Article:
So, what’s the problem? “Running a market economy, where companies are motivated by profit, can only work as expected if there is sufficient competition, and we don’t have this now. We currently have too few companies competing to serve customers in the markets for many products; we need policies that promote competition, not thwart it,” Sims says.
The market-based economy is one where decisions regarding investment, production and distribution to consumers are guided by the price signals created by the forces of supply and demand, he explains.
But here’s the key provision on which the satisfactory functionings of such an arrangement is based: “An underlying assumption is that there are many suppliers competing to meet consumer demands.”
Right now, that assumption is not being met. Sims quotes Martin Wolf, of the Financial Times, saying “what has emerged over the last 40 years is not free-market capitalism, but a predatory form of monopoly capitalism. Capitalists will, alas, always prefer monopoly. Only the state can restore the competition we need.”
What? Wolf is some kind of socialist? Of course not. Sims puts it more clearly: “The market economy also needs the right regulation in place so that companies pursue profit within clear guardrails.” We need some changes to Australian consumer law to provide these guardrails, particularly an unfair practices provision.
Market concentration – meaning there are only a few dominant companies seeking to meet the needs of consumers in many product markets – is high in Australia. “Think banking, beer, groceries, mobile service providers, aviation, rail freight, energy retailing, internet search, mobile app stores and so much more,” Sims says.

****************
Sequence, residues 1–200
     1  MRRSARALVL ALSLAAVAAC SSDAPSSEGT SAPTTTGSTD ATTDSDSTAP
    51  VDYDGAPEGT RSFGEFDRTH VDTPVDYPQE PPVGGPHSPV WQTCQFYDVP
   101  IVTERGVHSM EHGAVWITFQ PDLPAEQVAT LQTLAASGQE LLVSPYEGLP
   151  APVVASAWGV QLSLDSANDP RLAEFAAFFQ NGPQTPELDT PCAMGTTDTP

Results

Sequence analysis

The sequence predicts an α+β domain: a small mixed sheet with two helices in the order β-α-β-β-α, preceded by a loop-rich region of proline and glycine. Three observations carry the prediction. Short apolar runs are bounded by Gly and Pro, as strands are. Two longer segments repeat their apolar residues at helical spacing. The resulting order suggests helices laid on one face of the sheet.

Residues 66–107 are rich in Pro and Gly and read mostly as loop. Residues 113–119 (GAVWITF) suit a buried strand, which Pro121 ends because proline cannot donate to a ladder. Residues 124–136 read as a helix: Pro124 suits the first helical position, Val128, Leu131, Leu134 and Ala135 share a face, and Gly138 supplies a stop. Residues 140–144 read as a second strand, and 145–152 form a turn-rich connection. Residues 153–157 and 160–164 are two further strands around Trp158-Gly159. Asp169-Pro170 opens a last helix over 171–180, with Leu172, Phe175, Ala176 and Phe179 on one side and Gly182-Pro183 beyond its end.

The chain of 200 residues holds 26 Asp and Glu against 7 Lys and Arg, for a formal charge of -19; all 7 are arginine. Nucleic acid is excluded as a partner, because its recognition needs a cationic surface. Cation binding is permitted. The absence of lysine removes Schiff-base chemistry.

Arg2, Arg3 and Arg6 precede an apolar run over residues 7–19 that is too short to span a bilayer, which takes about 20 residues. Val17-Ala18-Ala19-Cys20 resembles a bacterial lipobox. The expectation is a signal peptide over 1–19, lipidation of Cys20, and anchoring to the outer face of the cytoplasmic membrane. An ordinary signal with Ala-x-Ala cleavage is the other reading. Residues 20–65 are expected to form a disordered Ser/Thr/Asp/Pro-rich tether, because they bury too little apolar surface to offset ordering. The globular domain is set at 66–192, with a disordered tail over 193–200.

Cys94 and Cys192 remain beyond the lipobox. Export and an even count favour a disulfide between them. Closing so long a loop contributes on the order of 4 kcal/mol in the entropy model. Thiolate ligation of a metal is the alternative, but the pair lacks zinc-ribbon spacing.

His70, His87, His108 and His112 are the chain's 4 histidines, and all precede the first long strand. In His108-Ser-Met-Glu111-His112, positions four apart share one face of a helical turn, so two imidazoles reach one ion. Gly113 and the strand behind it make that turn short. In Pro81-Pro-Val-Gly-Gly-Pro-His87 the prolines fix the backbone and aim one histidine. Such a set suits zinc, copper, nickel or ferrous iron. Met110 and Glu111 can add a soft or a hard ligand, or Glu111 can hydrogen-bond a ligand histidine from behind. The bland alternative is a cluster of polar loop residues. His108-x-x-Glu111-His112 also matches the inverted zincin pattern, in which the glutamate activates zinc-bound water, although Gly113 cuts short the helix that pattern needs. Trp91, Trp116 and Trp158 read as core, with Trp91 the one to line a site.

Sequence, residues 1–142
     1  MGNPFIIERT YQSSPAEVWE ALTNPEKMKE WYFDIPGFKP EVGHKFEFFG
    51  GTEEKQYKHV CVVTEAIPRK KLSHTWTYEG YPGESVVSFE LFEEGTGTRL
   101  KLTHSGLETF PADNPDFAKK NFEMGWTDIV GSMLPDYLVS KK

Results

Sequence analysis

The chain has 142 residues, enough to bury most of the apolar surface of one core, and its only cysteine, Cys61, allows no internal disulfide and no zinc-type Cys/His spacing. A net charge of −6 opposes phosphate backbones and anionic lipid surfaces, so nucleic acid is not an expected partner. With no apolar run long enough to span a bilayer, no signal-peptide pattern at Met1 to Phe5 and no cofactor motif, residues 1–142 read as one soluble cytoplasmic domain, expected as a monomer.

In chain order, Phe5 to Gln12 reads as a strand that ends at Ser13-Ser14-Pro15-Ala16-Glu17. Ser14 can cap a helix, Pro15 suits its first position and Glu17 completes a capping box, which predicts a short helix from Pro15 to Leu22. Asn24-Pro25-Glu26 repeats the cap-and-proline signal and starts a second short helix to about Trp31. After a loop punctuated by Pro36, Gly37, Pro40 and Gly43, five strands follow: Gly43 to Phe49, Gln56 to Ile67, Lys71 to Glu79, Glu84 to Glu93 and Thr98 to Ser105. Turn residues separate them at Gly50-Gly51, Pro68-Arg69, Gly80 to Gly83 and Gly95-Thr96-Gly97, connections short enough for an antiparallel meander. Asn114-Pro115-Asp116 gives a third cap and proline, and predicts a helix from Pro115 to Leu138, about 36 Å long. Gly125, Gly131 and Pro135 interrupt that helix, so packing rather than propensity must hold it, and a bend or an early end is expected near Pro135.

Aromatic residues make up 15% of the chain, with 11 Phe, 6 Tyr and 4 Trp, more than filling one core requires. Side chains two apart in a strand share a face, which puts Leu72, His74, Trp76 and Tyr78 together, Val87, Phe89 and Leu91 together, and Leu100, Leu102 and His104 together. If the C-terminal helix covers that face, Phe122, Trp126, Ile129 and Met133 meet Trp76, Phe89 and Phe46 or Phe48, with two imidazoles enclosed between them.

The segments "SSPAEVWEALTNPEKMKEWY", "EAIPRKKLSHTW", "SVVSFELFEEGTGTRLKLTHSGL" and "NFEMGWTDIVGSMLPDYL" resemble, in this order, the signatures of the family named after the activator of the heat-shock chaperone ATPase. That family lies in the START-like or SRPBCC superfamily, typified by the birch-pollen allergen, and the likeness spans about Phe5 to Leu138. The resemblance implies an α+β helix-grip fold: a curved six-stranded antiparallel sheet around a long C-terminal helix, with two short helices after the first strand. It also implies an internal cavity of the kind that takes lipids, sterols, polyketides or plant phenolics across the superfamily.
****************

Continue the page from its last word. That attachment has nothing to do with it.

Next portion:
‘What firms seek is market power where they can price, or pay their suppliers, as they want, without being constrained by other competing companies.’
Rod Sims, former ACCC chair
He quotes the Harvard economist Michael Porter, a corporate strategy expert, writing as long ago as 1979 that companies achieve commercial success by finding ways to reduce competition, by raising barriers to entry by new players, by lowering the bargaining power of suppliers including their workforce [No! he didn’t include screwing their own workers, did he?] and by locking in the consumers of their products and services.
“Companies don’t want markets . . . with many suppliers all with relatively equal bargaining power,” Sims says. “Instead, what firms seek is market power where they can price, or pay their suppliers, as they want, without being constrained by other competing companies.
“They seek above-normal profits based on using some form of market power.”
This is not controversial, he says. “Every businessperson would agree. None want to work in a competitive market where they simply seek to outperform their competitors. They want an edge from some form of market power.”
Too much market power in our economy can cause a range of harms to many Australians and to our society. “The most obvious harm is higher prices, which occur particularly when supply is limited relative to demand.
“When supply is plentiful, however, market power means pressure comes on workers and other suppliers.”
Sims points to the way the profits share of national income has been rising at the expense of the wages share. He also notes concerns about the lack of innovation in Australia, as well as our low productivity.
Guess what? When so many markets are dominated by a few big firms, the resulting lack of competitive pressure reduces the incentives to invest, create new products and do other things that increase productivity.
The message for the new government is clear: keep giving big business what it wants – weak merger and competition laws, plus prohibitions on union activity – and the economy will continue to perform poorly. Profits will keep growing while household income shrinks.
And it will prove what the Liberals have always said: Labor’s no good at running the economy.
Ross Gittins is the economics editor.
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